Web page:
2. Data Assimilation

Once the above data are acquired, they are assimilated into model predictions. Model assimilation typically contains these four components (Daley, 1991).

a. Quality Control. Quality control algorithms are designed to modify and reject erroneous meteorological data occurring either naturally or through gross errors. Natural errors include limits to instrument accuracy and deviations caused by small-scale perturbations of meteorological fields at the observing site. Gross errors originate from improperly calibrated or malfunctioning instruments, incorrect registration of observations, incorrect coding of observations, and telecommunication errors. Both natural and gross errors can be either random or spatially or temporally correlated. Improper calibration of observing instruments can result in systematic biases.

Quality control techniques include checks for duplicate reports, plausibility (e.g. above-freezing at 300mb), and contradictions, based on an analysis of two or more parameters at the same point (e.g., occurrence of rain in the absence of clouds). Other procedures may apply consistency checks, such as temporal continuity with past observations, or dynamic balances, such as geostrophic and hydrostatic.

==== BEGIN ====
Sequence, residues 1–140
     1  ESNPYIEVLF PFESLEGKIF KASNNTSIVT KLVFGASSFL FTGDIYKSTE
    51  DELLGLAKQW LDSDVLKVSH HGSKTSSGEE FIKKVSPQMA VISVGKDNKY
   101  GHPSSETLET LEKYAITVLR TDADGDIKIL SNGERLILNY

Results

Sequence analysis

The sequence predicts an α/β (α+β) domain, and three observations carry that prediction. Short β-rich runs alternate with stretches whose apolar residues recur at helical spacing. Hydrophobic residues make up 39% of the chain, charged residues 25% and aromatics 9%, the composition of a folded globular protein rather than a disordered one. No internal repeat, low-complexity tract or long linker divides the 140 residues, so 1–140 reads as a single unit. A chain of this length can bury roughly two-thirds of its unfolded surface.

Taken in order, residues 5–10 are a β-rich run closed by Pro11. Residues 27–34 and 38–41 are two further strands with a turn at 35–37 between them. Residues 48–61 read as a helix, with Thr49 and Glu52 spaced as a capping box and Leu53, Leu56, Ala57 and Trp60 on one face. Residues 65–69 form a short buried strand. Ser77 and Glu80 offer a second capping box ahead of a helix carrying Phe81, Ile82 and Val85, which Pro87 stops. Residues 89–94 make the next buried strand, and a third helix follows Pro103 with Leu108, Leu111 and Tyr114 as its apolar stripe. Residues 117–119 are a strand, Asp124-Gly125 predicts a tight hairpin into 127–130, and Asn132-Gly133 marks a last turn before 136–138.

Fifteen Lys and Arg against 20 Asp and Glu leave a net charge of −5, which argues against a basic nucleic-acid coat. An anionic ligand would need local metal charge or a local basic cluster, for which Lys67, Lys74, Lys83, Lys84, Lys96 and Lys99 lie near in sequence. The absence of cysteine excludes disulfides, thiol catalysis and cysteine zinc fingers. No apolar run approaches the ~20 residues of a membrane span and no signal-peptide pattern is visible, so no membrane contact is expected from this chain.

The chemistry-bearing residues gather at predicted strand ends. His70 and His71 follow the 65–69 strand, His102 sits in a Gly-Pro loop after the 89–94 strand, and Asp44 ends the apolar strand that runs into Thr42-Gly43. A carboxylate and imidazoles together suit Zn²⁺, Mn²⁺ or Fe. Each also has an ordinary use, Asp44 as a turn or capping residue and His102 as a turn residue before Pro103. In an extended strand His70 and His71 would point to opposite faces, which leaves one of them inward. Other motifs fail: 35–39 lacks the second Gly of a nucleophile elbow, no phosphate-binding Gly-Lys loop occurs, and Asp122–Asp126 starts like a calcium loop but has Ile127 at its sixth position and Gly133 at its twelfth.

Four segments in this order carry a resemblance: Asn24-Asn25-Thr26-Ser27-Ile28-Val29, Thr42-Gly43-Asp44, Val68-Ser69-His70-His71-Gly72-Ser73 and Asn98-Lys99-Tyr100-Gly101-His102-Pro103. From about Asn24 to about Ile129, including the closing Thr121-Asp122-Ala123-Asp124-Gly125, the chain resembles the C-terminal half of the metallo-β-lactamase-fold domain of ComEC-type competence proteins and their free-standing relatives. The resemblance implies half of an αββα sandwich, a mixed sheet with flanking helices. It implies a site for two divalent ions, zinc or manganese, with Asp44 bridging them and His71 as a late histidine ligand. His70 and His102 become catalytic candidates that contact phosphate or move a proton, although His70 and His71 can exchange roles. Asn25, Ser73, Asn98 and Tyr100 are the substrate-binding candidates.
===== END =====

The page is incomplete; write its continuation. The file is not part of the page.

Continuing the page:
For the Khamisiyah analysis, NCAR implemented a manual quality contol system in which they checked the observations against a Cressman-type (Cressman, 1959) analysis that synthesized the ECMWF reanalysis fields and conventional observational set archived at NCAR.

b. Objective Analysis. Numerical weather forecasts require the specification of meteorological variables at the beginning of the forecast periods to provide the initial state from which the models can integrate the system of differential equations forward in time. To reconcile observations defined at arbitrary locations with initial gridded fields, analysis methods such as optimum interpolation were developed. These methods are applicable to both mesoscale and global forecast models. The models then integrate the reconciled data forward in time on a computational grid based on the dynamic laws of physics. These objective analysis methods are applied to the problems of initializing and merging new observational data with the continuing model integration (Dynamic Data Assimilation or DDA). Daley (1991) describes objective analysis in detail.